• Gene patent decision: In Plain English

    by  • June 13, 2013 • Politics & Law • 0 Comments

    SCOTUS Blog logoThe Supreme Court long ago ruled that an inventor who discovers a phenomenon in nature, or figures out a “law of nature,” cannot get an exclusive right to use or sell that by obtaining a patent from the federal government.  Natural phenomena are the basic tools with which every would-be inventor starts, so locking up the right to use them in a monopoly held by a specific patent owner will frustrate others who might want to look for new ways to interpret that phenomena, the Court has said.

    The exclusion of natural substances from eligibility for patents was the theory on which the Court relied Thursday in its unanimous ruling that a company cannot get a patent monopoly on the use and study of human genes that it isolates in the bloodstream, and them takes them out — without changing their natural character — for research.

    Read the full article on the amazing SCOTUS Blog.

    About

    Michael Sauers is currently the Technology Innovation Librarian for the Nebraska Library Commission in Lincoln, Nebraska and has been training librarians in technology for more than 15 years. He has also been a public library trustee, a bookstore manager for a library friends group, a reference librarian, serials cataloger, technology consultant, and bookseller. He earned his MLS in 1995 from the University at Albany’s School of Information Science and Policy. Michael’s twelfth book, Google Search Secrets (w/ Christa Burns) was published October 2013 and has two more books on the way. He has also written dozens of articles for various journals and magazines. In his spare time he blogs at travelinlibrarian.info, runs Web sites for authors and historical societies, takes many, many photos, and reads more than 100 books a year.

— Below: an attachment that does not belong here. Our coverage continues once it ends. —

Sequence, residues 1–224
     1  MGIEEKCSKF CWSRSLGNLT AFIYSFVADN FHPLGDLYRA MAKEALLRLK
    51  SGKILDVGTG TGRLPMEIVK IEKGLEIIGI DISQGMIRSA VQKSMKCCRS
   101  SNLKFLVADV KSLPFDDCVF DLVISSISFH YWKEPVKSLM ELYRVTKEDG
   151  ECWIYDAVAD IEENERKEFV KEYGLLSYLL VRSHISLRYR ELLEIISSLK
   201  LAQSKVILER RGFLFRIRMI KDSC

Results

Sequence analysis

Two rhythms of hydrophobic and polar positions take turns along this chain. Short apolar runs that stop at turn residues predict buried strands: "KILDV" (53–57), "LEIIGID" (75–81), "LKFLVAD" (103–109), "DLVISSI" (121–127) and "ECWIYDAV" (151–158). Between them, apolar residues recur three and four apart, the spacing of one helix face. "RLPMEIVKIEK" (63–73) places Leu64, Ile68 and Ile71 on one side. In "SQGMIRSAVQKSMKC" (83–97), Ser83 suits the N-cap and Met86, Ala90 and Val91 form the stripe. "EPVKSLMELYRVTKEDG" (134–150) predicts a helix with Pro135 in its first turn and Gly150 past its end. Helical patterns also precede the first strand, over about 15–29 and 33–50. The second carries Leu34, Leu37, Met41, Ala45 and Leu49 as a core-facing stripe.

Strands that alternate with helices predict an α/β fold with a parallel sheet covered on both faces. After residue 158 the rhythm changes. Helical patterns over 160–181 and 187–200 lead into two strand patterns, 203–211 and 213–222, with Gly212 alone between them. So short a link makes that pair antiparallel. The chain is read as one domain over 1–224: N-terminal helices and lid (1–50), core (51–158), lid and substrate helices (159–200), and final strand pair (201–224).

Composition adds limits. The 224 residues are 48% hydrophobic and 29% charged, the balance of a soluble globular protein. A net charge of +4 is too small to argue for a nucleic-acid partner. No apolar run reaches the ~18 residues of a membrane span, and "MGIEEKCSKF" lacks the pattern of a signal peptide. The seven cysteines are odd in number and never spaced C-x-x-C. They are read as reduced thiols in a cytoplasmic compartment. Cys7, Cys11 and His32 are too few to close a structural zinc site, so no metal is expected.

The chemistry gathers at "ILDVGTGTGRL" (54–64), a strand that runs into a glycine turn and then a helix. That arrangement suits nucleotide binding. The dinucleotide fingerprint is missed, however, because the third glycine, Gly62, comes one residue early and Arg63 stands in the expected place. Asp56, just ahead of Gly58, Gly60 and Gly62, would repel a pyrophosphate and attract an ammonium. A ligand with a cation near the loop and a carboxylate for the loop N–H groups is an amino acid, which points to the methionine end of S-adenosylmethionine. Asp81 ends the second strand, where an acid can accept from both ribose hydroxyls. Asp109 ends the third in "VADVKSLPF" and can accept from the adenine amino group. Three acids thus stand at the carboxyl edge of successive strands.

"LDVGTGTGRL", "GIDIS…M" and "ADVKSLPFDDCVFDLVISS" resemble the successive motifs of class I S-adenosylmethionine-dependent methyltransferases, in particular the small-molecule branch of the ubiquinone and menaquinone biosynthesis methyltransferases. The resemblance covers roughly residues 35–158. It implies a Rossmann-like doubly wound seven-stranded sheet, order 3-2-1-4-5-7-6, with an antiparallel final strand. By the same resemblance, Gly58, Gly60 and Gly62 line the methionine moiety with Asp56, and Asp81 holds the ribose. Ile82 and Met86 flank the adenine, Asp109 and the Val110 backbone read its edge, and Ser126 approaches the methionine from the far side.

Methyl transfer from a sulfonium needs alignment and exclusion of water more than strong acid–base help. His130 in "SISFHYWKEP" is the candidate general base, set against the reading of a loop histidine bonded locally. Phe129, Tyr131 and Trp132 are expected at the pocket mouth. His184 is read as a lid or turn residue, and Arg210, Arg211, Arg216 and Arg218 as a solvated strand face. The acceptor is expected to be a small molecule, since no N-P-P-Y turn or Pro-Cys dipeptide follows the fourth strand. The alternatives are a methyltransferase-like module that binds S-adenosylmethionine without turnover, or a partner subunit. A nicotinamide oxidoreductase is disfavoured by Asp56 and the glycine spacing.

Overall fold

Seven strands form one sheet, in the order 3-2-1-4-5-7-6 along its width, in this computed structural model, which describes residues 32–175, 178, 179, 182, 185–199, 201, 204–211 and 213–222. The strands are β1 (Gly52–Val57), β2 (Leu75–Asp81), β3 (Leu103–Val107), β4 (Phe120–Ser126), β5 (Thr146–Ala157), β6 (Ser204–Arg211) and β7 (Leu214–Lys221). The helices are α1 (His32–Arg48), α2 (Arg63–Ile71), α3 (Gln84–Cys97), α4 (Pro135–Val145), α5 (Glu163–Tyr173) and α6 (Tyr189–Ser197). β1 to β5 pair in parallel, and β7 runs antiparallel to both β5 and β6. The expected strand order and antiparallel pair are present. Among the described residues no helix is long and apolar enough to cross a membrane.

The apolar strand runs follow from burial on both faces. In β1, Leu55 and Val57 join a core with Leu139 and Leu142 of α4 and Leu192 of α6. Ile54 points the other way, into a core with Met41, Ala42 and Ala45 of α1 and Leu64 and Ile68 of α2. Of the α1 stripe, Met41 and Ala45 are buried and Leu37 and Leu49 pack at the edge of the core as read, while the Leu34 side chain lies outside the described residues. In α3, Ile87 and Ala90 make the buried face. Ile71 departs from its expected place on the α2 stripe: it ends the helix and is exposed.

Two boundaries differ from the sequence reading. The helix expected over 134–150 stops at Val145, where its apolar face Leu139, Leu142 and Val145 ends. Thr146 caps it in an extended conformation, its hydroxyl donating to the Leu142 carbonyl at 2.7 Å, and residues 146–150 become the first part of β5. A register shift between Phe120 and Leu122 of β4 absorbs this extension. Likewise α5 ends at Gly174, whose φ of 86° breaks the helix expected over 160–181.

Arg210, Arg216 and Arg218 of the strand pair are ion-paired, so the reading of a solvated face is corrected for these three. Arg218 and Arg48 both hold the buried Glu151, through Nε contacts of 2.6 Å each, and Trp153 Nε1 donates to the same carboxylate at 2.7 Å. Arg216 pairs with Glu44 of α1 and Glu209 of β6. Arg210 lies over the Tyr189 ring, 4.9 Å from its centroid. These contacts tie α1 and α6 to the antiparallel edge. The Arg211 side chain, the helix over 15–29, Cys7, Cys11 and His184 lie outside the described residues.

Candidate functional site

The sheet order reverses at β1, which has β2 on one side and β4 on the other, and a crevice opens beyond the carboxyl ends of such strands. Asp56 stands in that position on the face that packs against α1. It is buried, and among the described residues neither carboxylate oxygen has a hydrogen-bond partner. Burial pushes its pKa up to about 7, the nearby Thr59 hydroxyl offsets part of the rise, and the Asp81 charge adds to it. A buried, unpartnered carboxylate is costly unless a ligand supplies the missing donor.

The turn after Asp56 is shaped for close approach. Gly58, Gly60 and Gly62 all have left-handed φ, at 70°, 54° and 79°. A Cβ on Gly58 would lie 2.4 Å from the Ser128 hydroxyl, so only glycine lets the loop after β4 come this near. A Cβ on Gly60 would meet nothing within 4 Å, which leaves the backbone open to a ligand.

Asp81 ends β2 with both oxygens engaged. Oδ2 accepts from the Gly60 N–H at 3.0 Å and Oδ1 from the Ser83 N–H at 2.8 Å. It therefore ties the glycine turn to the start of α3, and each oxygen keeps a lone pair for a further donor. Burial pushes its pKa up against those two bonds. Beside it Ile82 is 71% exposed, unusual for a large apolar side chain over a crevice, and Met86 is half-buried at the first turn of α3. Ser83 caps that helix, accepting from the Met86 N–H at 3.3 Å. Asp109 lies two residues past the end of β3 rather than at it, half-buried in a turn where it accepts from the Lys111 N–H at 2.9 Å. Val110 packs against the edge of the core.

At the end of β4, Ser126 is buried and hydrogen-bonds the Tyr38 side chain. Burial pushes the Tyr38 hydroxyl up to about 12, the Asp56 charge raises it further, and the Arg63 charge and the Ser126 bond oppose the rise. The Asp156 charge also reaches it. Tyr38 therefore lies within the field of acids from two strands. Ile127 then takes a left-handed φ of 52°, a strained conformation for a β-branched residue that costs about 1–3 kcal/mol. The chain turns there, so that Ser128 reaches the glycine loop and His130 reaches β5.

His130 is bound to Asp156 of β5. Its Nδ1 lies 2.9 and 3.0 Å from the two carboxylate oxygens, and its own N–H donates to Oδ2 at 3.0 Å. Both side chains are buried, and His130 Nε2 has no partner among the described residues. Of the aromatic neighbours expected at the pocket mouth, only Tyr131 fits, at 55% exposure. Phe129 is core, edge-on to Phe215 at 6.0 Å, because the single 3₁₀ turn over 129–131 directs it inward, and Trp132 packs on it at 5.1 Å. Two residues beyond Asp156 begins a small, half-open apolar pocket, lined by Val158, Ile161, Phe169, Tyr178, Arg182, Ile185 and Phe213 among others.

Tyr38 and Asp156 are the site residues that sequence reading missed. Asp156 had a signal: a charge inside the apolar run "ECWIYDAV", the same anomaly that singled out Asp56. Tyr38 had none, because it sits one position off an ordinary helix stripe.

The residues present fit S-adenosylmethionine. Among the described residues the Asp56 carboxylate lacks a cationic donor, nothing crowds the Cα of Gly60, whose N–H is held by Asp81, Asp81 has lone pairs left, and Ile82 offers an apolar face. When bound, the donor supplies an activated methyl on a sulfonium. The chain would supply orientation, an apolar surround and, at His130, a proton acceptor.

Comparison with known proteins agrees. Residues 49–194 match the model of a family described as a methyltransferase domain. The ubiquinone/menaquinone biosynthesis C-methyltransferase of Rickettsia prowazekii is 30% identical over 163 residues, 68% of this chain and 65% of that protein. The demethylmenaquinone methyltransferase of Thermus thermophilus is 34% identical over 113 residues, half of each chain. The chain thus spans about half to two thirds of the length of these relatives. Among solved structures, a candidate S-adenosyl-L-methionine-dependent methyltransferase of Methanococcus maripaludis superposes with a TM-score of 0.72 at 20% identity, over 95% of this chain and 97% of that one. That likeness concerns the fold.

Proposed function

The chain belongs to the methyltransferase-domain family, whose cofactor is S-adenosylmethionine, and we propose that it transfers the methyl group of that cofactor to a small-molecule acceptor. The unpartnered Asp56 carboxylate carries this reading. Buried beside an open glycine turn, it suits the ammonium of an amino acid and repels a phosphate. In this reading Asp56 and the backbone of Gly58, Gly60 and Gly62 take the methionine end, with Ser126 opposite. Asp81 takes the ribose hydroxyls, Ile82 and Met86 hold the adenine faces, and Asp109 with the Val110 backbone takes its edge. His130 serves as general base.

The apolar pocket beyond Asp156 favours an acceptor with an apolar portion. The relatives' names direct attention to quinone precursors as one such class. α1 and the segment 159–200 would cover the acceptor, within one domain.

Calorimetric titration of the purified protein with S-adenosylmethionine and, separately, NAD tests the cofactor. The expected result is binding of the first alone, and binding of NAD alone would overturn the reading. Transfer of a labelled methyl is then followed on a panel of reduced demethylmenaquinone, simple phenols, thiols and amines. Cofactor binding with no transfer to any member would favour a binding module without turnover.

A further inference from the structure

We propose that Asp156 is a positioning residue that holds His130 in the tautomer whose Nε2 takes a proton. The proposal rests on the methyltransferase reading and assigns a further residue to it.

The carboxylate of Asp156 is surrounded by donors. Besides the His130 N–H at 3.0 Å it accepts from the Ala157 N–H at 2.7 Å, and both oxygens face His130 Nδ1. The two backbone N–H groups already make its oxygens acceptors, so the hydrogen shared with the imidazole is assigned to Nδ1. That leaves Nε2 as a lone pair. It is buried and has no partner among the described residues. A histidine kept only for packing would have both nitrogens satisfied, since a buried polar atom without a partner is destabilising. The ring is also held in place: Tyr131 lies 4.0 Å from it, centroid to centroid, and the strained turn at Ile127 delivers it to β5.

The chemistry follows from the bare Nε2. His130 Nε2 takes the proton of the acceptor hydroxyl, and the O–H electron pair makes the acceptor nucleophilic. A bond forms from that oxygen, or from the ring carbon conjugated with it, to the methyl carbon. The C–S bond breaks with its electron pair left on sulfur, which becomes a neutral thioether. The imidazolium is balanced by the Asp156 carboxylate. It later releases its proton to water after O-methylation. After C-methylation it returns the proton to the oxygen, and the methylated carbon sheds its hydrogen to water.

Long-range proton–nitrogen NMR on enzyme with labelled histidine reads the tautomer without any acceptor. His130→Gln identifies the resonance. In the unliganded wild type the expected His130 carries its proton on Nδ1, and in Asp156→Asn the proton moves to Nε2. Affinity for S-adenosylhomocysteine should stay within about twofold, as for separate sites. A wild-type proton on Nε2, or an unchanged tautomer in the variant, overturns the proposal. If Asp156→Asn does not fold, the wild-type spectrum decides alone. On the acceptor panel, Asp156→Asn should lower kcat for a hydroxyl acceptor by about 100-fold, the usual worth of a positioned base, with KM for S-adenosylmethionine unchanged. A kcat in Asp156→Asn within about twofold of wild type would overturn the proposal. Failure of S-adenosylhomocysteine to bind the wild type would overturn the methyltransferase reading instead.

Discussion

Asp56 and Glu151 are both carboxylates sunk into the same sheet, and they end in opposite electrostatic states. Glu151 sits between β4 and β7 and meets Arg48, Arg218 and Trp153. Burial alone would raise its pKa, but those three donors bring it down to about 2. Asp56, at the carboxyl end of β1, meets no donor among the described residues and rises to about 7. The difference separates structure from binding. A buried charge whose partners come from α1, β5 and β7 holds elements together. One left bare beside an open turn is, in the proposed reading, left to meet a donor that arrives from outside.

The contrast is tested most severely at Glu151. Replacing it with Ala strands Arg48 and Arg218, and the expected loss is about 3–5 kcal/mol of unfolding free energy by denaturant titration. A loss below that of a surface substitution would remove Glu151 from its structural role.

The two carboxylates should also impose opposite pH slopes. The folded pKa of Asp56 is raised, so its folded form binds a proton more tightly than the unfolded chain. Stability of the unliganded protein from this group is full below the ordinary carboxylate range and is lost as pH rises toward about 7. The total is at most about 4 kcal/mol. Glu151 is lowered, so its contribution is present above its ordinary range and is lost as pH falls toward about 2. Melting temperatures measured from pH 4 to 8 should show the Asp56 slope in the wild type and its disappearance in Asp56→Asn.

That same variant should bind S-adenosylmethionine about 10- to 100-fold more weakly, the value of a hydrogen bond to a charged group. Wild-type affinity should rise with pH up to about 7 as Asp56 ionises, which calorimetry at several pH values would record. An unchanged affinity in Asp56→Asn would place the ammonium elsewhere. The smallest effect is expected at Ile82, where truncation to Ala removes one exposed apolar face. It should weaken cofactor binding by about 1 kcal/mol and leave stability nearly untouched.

http://www.travelinlibrarian.info/

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